Was the Ryerson affair unique in our universities? I do not believe so. One current, very worrying example is the suppression of pro-life groups and pro-life speech on Canadian university campuses. Whatever our views on abortion, we should all be worried about such developments. Pro-choice students are trying to stop pro-life students from participating in the collective conversation on abortion that should take place. In fact, they don't want any conversation, alleging that to question whether we should have any law on abortions is, in itself, unacceptable.

Some people are going even further: they want to force students to act against their conscience as a condition for graduating. The group "Medical Students for Choice" would like to make performing an abortion a "required procedure", that is, a student would have to competently perform an abortion in order to graduate. Delivering a baby at term is not a required procedure. I do not need to emphasise the dangers of this in universities, no matter how worthy one's motives in promoting a certain stance. The most fundamental precept on which a university is founded is openness to ideas and knowledge from all sources.

The closing of the university mind

As well, over the last year or so, I have been dis-invited from three events. That has never happened before in my nearly 30 years of speaking engagements. And, probably uniquely, the withdrawals came from opposite ends of the values spectrum. One withdrawal was because my views were seen as not being pro-life and in another as not being pro-choice. Only a speech that would be preaching to the converted was seen as acceptable.

In the other case, a diplomatic explanation was given, but my hunch is that the university administrators, fund raisers, and public relations professionals involved were frightened of facing protests for having invited me. No one knows how many invitations are not issued because of fear of controversy. The cumulative effect is a silencing: And such silence is golden in more than a metaphorical sense -- potential donors are not offended.

Ryerson University received many calls from people saying they would never donate to the university again, if they conferred the honorary degree on me. A past Principal at McGill University received similar calls in relation to another controversial issue on which I spoke publicly, demanding that I be fired or they would never again donate.

Moreover, I was told that last semester law students at McGill had considered asking other students not to enrol in any of my classes as a means of public protest against my views on same-sex marriage, but changed their minds because that might have "made them look bad", especially as law students who should be defenders of rights such as free speech.

One of my classes was invaded by students, with TV cameras filming them, and had to be abandoned as they carried out a mock same-sex marriage. I've received very large amounts of hate mail, been the subject of an on-line protest petition and needed security precautions when speaking in public, all because I believe all children - including those who are gay as adults - need a mother and a father which opposite-sex marriage gives them and same-sex marriage takes away.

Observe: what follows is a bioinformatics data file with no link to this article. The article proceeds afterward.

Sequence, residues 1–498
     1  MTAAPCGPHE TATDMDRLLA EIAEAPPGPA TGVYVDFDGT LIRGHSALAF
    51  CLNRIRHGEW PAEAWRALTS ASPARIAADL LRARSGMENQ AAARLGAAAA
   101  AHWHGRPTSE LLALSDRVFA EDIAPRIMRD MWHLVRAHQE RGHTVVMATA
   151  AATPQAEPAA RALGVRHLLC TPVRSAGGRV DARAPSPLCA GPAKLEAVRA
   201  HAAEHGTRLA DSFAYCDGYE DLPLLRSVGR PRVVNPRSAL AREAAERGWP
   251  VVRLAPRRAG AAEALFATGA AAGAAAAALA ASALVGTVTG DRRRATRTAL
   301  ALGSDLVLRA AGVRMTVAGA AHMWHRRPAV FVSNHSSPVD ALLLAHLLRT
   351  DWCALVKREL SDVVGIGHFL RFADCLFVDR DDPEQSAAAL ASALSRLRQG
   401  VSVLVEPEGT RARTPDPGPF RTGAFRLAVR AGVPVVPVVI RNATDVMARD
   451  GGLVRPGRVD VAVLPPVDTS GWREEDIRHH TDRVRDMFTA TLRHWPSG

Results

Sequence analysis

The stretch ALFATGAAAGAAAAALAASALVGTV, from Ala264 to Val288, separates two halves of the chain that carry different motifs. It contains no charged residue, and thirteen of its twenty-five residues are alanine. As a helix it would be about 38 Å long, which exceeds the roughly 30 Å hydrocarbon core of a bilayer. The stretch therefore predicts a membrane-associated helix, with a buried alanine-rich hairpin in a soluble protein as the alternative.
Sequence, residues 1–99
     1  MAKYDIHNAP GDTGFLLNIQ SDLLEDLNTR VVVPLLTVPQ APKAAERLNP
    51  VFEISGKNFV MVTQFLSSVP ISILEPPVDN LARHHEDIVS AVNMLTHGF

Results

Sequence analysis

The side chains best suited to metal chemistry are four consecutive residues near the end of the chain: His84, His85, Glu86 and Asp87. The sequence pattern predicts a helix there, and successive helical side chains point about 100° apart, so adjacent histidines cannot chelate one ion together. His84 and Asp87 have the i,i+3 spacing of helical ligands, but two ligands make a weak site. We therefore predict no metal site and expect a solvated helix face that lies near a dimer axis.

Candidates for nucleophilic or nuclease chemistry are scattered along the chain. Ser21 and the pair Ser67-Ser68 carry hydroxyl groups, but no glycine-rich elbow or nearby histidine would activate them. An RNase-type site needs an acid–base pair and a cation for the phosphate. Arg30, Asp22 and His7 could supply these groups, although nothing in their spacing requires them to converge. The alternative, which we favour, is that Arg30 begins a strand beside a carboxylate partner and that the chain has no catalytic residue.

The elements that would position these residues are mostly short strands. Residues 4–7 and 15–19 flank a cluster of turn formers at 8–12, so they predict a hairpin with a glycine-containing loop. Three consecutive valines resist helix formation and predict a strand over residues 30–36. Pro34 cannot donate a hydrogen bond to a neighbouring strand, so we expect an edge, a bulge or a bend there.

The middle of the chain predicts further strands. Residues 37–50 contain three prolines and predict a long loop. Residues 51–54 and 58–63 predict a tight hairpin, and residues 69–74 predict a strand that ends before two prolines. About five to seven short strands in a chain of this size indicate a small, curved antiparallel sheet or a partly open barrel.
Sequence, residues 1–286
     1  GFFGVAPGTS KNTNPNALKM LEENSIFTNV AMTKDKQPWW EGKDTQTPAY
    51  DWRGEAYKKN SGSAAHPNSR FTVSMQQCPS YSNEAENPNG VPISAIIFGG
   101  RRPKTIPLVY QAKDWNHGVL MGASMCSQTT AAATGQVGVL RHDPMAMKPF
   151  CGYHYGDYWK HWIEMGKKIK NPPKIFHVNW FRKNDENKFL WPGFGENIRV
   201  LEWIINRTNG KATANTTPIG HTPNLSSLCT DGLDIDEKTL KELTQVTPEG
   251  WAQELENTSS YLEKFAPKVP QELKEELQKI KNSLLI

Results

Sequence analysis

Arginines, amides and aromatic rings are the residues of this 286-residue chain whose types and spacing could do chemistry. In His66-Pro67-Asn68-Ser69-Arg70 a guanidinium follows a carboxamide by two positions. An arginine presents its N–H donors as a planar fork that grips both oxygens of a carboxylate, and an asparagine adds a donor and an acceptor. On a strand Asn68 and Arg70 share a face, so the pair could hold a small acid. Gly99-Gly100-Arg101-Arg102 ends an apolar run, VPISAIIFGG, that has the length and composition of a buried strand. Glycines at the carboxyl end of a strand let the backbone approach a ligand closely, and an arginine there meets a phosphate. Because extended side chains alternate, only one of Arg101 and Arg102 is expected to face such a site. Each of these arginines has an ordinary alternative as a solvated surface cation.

And, if that is how I'm treated, imagine how students, or even junior faculty, who hold views that are seen as not politically correct or, sometimes, just too conservative, feel. They are fearful of speaking out and feel intimidated.

What happened to shared values?

The further deep concern is that this conflict within our universities, and dealing with it by shutting down freedom of speech, might be a micro example of a much larger problem outside the universities. We might be at risk of annihilating some of our most important shared values and that creates a situation that threatens society itself. We can't hold a society together in the long-term without shared values, that is, without a societal-cultural paradigm: the story about ourselves that supports our most important principles, values, attitudes and beliefs, one that we tell each other and all buy into in order to form the glue that holds us together. Tolerance alone, and especially unbalanced by other important values, is nowhere near enough to found that story.

To ensure our story does not disintegrate and continues to be enriched, we must engage in mutually respectful conversation. The public needs academics to speak freely - and respectfully, openly, honestly, and without threat of repercussions - about contentious but important societal problems. That requires respect for freedom of thought, freedom of speech, freedom of association, and academic freedom - the latter of which is meant primarily for the benefit of the public by allowing academics to feel they can speak the truth, as they see it, to power. The Ryerson events were in breach of all those freedoms.

Our universities should be models for the larger society of crossing the divides that separate us, not of widening them. In the broader context of our contemporary multicultural, pluralistic democracies, we must engage in mutually respectful conversation across those divides.

Margaret Somerville is founding director of the Centre for Medicine, Ethics and Law at McGill University in Montreal. Her essay "Brave New Babies" will appear in MercatorNet later this month.